Read the full column... (You may need to view a brief ad if you don't subscribe to the site.)

Friday, June 08, 2007

Wagging the dog

Comes now this item:
U.S. Federal Aviation Administration computer glitch causes flight delays

WASHINGTON (AP) - A cascading computer failure in the U.S. air-traffic control system caused severe flight delays and some cancellations along the East Coast of the United States Friday.

A computer system in Atlanta that processes pilots' flights plans and sends them to air-traffic controllers failed late Thursday or early Friday, Federal Aviation Administration spokeswoman Diane Spitaliere said. In response, the agency rerouted the system's functions to another computer in Salt Lake City, which overloaded due to the increased volume of data, magnifying the problem.
The FAA could not immediately calculate the number of flight delays caused by the problem, which was made worse by bad weather, Spitaliere said.

Story link...

Say "hello" to Robert and Dustin for me!

A big, sloppy...

...wet kiss for Marion, from the magazine for bureacrats, about bureaucrats:
Government Executive article on FAA Administrator Marion Blakey
We should have a contest: Count the number of misleading and factually incorrect statements in this puff piece.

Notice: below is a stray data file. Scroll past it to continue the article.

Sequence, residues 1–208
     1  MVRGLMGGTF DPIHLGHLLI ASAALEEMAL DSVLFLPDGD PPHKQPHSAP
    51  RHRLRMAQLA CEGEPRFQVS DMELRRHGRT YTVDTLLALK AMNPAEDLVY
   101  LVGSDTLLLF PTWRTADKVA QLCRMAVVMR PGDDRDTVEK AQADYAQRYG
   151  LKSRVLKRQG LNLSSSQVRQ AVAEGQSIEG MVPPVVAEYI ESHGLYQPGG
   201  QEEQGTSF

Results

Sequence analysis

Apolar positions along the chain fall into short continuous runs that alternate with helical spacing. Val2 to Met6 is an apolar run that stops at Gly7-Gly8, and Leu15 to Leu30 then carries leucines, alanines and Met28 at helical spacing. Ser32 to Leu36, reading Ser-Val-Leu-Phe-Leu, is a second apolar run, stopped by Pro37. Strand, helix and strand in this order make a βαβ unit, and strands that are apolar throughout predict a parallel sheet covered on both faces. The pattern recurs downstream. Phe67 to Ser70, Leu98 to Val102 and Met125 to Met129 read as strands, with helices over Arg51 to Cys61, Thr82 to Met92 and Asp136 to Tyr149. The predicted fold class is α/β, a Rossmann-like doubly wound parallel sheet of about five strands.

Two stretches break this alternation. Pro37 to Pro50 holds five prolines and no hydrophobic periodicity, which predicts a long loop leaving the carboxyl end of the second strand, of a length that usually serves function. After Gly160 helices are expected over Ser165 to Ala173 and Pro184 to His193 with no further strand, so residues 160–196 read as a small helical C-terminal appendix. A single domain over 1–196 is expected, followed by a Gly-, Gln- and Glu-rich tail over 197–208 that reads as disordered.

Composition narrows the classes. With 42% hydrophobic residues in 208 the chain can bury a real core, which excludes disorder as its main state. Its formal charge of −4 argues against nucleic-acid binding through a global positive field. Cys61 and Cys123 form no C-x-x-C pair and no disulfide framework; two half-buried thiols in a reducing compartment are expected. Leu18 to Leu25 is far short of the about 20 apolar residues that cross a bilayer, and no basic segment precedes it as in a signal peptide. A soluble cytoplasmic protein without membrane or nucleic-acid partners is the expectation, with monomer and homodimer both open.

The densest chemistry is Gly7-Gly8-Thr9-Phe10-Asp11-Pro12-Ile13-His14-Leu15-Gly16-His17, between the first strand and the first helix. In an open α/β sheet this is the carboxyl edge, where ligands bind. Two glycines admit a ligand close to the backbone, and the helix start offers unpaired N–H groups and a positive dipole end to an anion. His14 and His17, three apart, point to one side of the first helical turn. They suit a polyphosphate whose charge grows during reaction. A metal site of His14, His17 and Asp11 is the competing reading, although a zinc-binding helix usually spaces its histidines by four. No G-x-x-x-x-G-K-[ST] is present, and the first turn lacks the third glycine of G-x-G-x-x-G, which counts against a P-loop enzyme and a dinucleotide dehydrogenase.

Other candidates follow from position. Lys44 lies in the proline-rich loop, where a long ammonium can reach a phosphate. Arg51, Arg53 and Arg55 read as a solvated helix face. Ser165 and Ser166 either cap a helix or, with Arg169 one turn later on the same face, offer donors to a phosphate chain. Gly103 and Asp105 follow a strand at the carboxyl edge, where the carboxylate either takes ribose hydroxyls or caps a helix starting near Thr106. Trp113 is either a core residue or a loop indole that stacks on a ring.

We can only hope she'll leave when her five years ends this September; the article gives the impression her departure is a done deal. But my recollection of the statute is she has a minimum of five years, not exactly five years.

New U.S. passport rules suspended

Following up on a topic discussed in episode #32:
U.S. Suspends Border Rules to Help Ease Backup in Passport Approvals
Associated Press

WASHINGTON -- The Bush administration on Friday suspended some of its new requirements for traveling abroad, hoping to placate Congress and irate summer travelers whose vacations have been thwarted by delays in processing their passports.

The proposal would temporarily lift a requirement that U.S. passports be used for citizens flying to and from Canada, Mexico, the Caribbean and Bermuda.

The suspension should allow the State Department to catch up with a massive surge in applications that has overwhelmed passport processing centers since the rule took effect this year. The resulting backlog has caused up to three-month delays for passports and ruined or delayed the travel plans of thousands of Americans.